Anne Richardson

Category: Harry Smith

Timeline illuminating the minor cinemas of Oregon, 1910-1965

 

What role did the minor cinemas (newsreels, educational films, industrial films, experimental films, animation, home movies) play in Oregon’s overall film history?

I drew up this timeline for Sheldon Renan, noting the early appearance of our regional specialty, the independent writer-director-producer.

I italicize figures whose entire careers take place outside the state lines. Some people don’t consider these artists part of Oregon film history. I do.

Three time Oscar nominee James Ivory made fourteen low budget independent features before his first Oscar nomination, for ROOM WITH A VIEW, in 1987.

Part One: 1910-1928, Silent Oregon

William L. Finley (1876-1953), Oregon’s first nationally distributed independent writer-director-producer, made nature themed newsreels. His name carried enough weight so that it appeared in endorsements for home movie cameras in national print advertising campaigns. His filmmaking was mission driven – he was an ornithologist and conservationist. Finley doesn’t wear his filmmaker hat in Larry Lipin’s OHQ article about his good roads advocacy.

Jesse Sill (1881-1981), Portland based filmmaker specializing in local and national newsreels. He used the business model (later adopted by Lew Cook and Norm Dimick), of offering both filmmaking and film processing services. In addition to shooting regional events for national newsreels, Sill created an entirely local newsreel series for local movie theater audiences, the Webfoot Weekly. He was active in both the silent era and the sound era, eventually working as a cameraman for Portland television news stations. Amos Burg (1901-1986), was taught by him. Walt Dimick, Ron Finne, Gary Lacher all knew him. Ellen Thomas’ masters thesis, Commercial Motion Picture Production in Portland Oregon, 1910-1928, discusses him.

Lewis Moomaw (1889-1980), writer-director-producer. One of the founders of American Lifeograph, a full scale film studio which opened in 1910 on SE Yamhill. Directed several Portland based live action feature length films. THE CHECHACOS (1924), shot on location in Alaska, has been restored and preserved. His last feature film in Portland, FLAMES (1926), was written by Alfred Cohn, who the following year was Oscar nominated for his screenplay for THE JAZZ SINGER. Eugene O’Brien, a big star, was the leading man in FLAMES; Jean Hersholt and Boris Karloff in supporting roles. The coming of sound moved Moomaw to Hollywood, not sure what he did there.

Pinto Colvig (1892-1967), writer-director-producer. Born and raised in Southern Oregon, educated by a combination of Oregon Agricultural College and the circus, Pinto began animating in San Francisco. Some film historians list his lost film, CREATION (1916), as the first animated feature. Moving to LA, he did animated special effects for silent film, and then, with the coming of sound, the voice work which made him famous.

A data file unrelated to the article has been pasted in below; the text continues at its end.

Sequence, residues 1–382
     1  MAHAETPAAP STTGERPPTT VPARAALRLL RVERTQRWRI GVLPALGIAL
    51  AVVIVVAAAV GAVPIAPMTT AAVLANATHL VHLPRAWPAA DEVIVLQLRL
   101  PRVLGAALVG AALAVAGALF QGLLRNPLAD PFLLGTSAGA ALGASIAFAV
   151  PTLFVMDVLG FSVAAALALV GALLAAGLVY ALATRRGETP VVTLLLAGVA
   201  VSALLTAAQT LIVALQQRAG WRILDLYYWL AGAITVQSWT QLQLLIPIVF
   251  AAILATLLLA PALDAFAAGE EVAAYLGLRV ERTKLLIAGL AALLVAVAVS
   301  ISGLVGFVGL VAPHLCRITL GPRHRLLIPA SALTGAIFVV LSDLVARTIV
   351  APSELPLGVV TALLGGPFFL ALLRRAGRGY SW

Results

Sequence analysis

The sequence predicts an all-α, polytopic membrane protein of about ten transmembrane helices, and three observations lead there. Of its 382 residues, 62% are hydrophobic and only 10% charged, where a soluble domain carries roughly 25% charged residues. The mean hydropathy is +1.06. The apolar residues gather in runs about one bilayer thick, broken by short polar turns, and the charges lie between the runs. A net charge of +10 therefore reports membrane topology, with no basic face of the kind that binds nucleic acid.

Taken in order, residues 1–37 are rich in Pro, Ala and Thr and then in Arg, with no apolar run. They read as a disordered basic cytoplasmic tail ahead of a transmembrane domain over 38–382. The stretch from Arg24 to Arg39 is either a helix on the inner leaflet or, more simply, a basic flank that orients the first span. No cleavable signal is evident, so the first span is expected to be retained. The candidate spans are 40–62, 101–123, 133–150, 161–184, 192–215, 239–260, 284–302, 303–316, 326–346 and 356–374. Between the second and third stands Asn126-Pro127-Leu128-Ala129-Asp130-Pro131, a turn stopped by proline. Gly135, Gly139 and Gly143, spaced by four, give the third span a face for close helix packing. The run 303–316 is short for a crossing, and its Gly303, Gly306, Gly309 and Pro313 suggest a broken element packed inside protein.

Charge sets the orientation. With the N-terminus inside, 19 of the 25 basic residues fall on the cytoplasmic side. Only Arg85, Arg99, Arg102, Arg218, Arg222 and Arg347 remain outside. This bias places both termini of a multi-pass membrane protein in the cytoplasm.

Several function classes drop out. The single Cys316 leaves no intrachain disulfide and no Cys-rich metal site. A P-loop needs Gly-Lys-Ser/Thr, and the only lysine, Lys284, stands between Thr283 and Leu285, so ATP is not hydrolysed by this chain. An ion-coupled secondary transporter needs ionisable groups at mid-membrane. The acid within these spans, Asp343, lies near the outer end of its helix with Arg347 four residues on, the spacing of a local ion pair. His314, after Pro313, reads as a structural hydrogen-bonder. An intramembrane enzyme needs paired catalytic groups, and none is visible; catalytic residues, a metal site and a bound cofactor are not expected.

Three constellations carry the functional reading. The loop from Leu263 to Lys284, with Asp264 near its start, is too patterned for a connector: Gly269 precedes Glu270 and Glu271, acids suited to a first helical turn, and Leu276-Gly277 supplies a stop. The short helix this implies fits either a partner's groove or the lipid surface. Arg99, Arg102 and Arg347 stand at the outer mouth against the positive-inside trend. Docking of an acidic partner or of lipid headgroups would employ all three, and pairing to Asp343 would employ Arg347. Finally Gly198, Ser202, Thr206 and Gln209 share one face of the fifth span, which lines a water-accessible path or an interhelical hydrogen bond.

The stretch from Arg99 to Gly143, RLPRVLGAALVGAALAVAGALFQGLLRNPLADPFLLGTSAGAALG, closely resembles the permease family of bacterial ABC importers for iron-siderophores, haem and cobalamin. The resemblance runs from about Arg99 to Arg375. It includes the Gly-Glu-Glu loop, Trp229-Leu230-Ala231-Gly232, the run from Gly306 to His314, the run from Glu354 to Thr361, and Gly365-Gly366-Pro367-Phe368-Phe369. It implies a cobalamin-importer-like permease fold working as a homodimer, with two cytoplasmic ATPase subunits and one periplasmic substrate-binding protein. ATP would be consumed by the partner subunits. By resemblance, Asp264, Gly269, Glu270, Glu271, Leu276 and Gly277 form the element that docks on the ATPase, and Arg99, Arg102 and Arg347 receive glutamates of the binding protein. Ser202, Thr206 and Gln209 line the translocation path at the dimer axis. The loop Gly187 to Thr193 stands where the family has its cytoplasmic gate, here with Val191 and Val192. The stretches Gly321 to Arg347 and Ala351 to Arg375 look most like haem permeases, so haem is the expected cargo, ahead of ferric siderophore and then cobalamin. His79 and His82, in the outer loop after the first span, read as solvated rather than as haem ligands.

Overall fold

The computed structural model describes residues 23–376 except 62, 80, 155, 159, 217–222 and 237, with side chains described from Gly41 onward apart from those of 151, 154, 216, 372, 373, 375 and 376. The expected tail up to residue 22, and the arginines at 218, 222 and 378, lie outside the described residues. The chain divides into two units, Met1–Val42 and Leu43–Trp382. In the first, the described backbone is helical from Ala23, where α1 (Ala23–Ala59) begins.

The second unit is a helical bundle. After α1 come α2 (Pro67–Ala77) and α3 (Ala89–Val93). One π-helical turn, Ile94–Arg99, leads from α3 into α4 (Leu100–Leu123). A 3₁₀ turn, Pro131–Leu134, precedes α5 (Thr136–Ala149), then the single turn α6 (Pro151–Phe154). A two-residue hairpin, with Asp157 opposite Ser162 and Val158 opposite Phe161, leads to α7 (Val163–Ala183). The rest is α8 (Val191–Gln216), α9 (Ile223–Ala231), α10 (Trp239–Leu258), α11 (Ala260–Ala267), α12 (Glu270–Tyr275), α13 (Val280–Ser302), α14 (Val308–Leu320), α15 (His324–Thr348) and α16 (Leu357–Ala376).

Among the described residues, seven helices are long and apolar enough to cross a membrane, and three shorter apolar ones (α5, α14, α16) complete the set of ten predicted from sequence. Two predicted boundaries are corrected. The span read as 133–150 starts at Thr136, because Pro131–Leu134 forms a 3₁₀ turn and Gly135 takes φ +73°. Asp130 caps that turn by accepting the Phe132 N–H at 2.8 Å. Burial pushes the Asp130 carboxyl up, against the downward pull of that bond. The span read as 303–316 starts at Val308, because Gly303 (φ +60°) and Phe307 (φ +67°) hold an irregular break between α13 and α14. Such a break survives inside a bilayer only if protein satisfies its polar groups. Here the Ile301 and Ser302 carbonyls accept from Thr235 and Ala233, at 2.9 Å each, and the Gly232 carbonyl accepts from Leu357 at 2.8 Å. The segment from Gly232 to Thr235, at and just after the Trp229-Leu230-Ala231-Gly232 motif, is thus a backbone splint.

Lew Cook (1909-1983) was trained by Jesse Sill to shoot newsreels while still in high school. He worked for Sill, then went out on his own. He made THE LITTLE BAKER, a stop motion animated short, in the 1920s. Spent most of his career in Portland, with the exception of his WWII years, and some post-WWII years, in the military. Founder of OHS Moving Image Archive, he selected and trained his successor, Michele Kribs. He mentored Homer Groening and Jim Blashfield, who later paid tribute to him in a ten minute profile for OPB.

Every one of these filmmakers made work which was seen nationally. Not a farm team. When film was brand new, Hollywood did not yet have the monopoly on content.

Part Two: 1929-1965, Sound Era Oregon

The regionally made independent feature disappeared with the coming of sound. Too expensive! On the smaller screens, home movies thrived, as did films made for classrooms, sales conventions, and grange halls.

Figures whose careers took place entirely outside the state are italicized.

Luther Cressman (1897-1994) used film to document archeological field work. Arriving at UO in 1930 as a sociologist, by 1939 he was making films as an archeologist. In Bali, at the exact same time, his ex-wife Margaret Mead was doing the same thing.

Lester Beck (1908-1977) used film to document UO psychology experiments, then started writing and “supervising” (does this mean directing? producing?) educational films. After HUMAN GROWTH (1947), a nationwide sex education hit, Beck became head of USC’s film department. USC film student James Ivory remembers fulminating against Beck’s emphasis on short, non fiction filmmaking. Beck left USC to teach psychology at Portland State College in 1955. He brought one of his USC faculty, Andries Deinum, future founder of PSU’s Center For The Moving Image,with him. Beck continued making educational films throughout the 1960s. From Malheur County.